From 2016 to 2021, AREC lost a total of $161m, while its operating cash flow was minus $77m. This loss-making continued in 9M22 despite the higher price of met coal. Still, the company is confident that its Perry County and McCoy Elkhorn complexes, as well as a recently completed lease on its Deane Mining complex, will turn the cash flow tide. AREC believes it can raise production output at lower than average cash costs. This optimism is misplaced.

  • Cash costs are much higher than what AREC claims: Back in 2020, AREC boasted it had the lowest production costs ($50-$60 per tonne) among mining peers, including giants Rio Tinto and BHP. 

Source: AREC investor presentation, Pg 19

This presentation was at the very least highly misleading. AREC’s actual cash costs, defined as the cost of coal sales and processing plus production taxes and royalties, divided by total production during the year, were $70-$362 per tonne from 2018-2021. On top of that, missing from these costs are perennially high development expenses, which totaled $62.0m (~74% of operating cash outflow) over the 2017-9M22 period. These were ‘incurred to prepare future sites for mining’ and AREC spent $30.1m in the last twelve months alone. By adding these development expenses, AREC’s cash costs go up by an average of 65% from 2018-2021, as shown below. This places AREC way above its peers on the production cost curve.

We believe these development expenses are hidden operating costs. AREC does not give a breakdown but two things stand out. One, they were recognised as expenditures instead of being capitalized. And two, the fact that these costs happen every year belie AREC’s assertions that they are one-time in nature. 

  • AREC generally sells coal with specs far lower than its peers: In 2021, AREC sold ~87,000 tonnes of met coal at an average price of $88, which was ~31% less than peers who sold for around $128/tonne.

About 90% or 79,547 tonnes of these sales were industrial stoker and PCI — met coal of the poorest quality — from AREC’s E4-2 mine. As a result, along with AREC’s high production costs, the miner has incurred losses on every tonne of coal sold. It is noteworthy that AREC remains in the red even when development expenses are excluded from cash costs.

AREC’s average sales improved to $250/tonne in 3Q22. But this was because its most productive mine (Perry County), which sells low quality coal, was closed for almost the whole quarter. AREC however still posted losses of $5.3m and operating cash flow of negative $3.9m for the quarter.

We don’t expect the situation to improve in the later part of 2022. Australian Premium Coking Coal Futures (FOB), which reflect much higher specs than AREC’s production, have dropped 58% from their peak of $635 in March 2022 to $268/tonne as of 29 November. Most of AREC’s coal is sold on the spot market.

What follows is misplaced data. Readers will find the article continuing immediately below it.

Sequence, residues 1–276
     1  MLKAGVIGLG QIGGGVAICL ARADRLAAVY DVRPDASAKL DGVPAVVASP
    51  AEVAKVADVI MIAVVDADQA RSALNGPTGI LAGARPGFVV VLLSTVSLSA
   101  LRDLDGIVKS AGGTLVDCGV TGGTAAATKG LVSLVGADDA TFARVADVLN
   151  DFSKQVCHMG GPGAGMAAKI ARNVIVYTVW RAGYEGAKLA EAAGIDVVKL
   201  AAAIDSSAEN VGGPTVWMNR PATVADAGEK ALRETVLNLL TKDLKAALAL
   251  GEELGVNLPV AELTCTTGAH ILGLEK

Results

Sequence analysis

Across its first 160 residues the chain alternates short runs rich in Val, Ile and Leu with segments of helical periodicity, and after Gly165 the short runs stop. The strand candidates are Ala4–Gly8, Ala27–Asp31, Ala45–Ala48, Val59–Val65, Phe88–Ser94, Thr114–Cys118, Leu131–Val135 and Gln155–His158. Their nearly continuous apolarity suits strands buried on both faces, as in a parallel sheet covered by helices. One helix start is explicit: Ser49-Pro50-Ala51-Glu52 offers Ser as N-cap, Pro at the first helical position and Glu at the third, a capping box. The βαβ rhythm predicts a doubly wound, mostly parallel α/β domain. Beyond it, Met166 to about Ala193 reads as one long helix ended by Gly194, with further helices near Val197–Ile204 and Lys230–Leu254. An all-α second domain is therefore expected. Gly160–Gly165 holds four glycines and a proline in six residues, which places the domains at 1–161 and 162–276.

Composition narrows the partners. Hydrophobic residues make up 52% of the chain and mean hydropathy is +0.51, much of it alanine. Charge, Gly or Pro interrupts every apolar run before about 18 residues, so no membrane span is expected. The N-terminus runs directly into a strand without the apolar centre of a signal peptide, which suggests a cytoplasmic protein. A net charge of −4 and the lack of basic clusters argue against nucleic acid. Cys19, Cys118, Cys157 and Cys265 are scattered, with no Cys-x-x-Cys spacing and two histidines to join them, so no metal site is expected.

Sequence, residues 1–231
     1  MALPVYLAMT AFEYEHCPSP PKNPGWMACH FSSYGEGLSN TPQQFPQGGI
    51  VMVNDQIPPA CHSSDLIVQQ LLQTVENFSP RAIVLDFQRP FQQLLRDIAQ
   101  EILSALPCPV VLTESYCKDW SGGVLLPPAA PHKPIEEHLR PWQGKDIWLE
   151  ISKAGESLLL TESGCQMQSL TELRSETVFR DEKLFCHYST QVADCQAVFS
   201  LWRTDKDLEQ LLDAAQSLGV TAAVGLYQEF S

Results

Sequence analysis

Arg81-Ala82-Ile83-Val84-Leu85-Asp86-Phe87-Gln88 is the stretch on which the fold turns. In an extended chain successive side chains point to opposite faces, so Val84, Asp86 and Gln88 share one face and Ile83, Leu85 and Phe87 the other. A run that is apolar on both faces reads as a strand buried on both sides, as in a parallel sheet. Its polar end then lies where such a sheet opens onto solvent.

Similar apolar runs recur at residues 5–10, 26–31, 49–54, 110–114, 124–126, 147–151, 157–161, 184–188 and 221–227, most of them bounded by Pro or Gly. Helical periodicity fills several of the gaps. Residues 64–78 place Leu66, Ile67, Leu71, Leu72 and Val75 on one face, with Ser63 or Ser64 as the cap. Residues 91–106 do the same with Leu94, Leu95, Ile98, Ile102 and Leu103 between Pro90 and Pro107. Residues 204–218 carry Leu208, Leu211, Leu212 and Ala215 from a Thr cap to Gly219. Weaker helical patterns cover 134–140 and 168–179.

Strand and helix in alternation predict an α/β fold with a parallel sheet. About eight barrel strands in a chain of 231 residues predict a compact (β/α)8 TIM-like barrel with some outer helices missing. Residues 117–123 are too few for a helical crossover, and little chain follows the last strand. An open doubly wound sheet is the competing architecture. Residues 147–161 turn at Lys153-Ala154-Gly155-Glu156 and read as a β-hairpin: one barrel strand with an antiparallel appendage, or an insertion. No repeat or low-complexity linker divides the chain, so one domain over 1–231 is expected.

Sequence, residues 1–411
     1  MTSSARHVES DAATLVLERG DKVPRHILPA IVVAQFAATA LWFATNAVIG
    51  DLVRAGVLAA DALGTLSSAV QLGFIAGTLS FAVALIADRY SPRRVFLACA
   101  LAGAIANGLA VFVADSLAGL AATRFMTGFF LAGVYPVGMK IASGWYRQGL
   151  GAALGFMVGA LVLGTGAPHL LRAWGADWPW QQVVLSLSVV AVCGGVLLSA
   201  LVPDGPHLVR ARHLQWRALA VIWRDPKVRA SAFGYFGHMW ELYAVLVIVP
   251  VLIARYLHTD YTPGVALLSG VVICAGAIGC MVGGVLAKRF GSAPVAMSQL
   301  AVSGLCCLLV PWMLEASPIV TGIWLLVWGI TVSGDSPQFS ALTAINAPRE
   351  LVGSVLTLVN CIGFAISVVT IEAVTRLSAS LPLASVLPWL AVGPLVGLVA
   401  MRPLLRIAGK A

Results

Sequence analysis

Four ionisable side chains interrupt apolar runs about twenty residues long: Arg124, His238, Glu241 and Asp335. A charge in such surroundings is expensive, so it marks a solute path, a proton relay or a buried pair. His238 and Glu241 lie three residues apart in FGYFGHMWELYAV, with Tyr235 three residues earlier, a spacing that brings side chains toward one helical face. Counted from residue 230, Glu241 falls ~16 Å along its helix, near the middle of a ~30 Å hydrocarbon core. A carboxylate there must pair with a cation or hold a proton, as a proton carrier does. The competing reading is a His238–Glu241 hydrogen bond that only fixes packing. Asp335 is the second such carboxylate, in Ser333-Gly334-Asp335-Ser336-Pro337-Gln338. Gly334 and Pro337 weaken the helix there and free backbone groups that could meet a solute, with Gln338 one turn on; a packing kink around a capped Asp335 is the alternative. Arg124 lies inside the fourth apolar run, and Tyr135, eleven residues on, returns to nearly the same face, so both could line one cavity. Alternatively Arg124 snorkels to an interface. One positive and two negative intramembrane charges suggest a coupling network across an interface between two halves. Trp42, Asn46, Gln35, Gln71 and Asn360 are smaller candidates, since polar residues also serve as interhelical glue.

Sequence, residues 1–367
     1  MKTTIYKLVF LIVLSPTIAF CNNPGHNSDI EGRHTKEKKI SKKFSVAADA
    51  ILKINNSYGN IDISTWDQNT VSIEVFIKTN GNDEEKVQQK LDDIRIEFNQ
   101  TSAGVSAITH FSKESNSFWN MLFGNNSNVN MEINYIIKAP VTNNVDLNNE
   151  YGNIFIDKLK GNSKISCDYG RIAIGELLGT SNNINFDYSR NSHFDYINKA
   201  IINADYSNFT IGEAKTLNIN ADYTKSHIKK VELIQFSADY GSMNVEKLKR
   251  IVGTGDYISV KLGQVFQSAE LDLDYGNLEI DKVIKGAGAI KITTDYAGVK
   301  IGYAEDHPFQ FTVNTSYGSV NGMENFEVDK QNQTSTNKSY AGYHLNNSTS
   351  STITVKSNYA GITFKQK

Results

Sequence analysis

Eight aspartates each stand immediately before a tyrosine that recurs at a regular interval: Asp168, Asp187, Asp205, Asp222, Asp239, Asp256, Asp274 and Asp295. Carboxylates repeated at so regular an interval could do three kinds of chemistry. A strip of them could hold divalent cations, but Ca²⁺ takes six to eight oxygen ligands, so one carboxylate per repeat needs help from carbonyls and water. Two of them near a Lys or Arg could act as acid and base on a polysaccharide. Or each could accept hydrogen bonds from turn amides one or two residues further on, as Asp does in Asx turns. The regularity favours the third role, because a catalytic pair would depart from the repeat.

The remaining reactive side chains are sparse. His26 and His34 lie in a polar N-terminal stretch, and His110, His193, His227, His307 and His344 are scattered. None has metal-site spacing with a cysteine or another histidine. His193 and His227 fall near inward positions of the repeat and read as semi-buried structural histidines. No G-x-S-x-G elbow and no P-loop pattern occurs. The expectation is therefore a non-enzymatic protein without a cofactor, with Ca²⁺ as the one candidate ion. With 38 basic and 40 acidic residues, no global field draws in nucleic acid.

• Management has consistently failed to deliver on production promises: In late 2018, AREC predicted that its mining assets would produce as much as 3.5 million tonnes of coal the next year.

Source: AREC investor presentation in 2018

Note: Prediction of total 2019 production based on McCoy Elkhorn + Knott County + Deane Mining

AREC has never achieved a fraction of this estimate. Its 2019 production ended up 90% lower, as shown below, mostly because only five mines were operating that year compared to the stated 13 in AREC’s forecast. Its Carnegie 1 mine was supposed to contribute 32,000 to 42,000 tonnes per month in the fall of 2019. The mine ended up producing 10,652 tonnes for that year according to Mine Safety and Health Administration (MSHA) data — far below historical production levels. AREC produced just 87,436 tonnes in 2021.

Any production guidance from AREC should therefore be viewed with skepticism. Furthermore, the company does not have any proven or probable reserves certified by a third-party. 

The lease to Bluegrass looks like a non-starter

On 29 April 2022, AREC leased its non-core Deane Mining thermal coal asset to Bluegrass Resources, for ~$5/tonne of coal produced or 5% of gross sales from the complex. The asset comprises two mines that have not been producing since 3Q19: Access Energy is listed as temporarily idle while Razorblade Surface’s status is non-producing but active, based on MSHA info as of 15 November 2022.

Sell-side cheerleader Roth Capital valued the five-year lease at $50m on the assumption that Bluegrass would produce at least 1 million tonnes each year. That represents ~45% of AREC’s current market cap. CEO Mark Jensen said in a press release at the time. “We have known the owners of Bluegrass Resources for a number of years and have confidence in their ability to execute and create value for our shareholders and theirs.”

The only website we could find for Bluegrass is basic, and was created on 7 April 2022, around three weeks before the lease announcement. 

Source: website

Bluegrass is managed by father and son team Kenneth McCoy and Jason McCoy, according to the MSHA website. 

Source: Mine Safety and Health Administration website

Both are involved in a long-running bankruptcy case in which they have been accused of fraudulent asset transfers. The McCoys were majority shareholders in Mission Coal Company LLC with a 57.5% stake. By October 2018, only nine months after its creation, Mission Coal filed for bankruptcy with unfunded debt of $175m. At the heart of the bankruptcy was its subsidiary Seneca Coal Resources. In 2015, Seneca bought mining assets from NYSE-listed Cleveland-Cliffs (fka Cliffs Natural Resources) for $268m and had to pay another $32m in costs related to the deal. Seneca did not meet its obligations. Instead, the McCoys and other executives allegedly diverted millions out of Seneca’s bank account to their own coffers, fabricated management fees, and sold coal to affiliates at below-market prices to avoid paying tonnage fees. Cliffs took Seneca to court but the action ended in October 2019 with Seneca filing for chapter 11, which resulted in its bankruptcy discharge. However, on 19 July 2022, Mission Coal’s liquidator sued Kenneth for illegally transferring $918k to his wife from the sale of a Florida condo to escape creditor claims. The case remains open.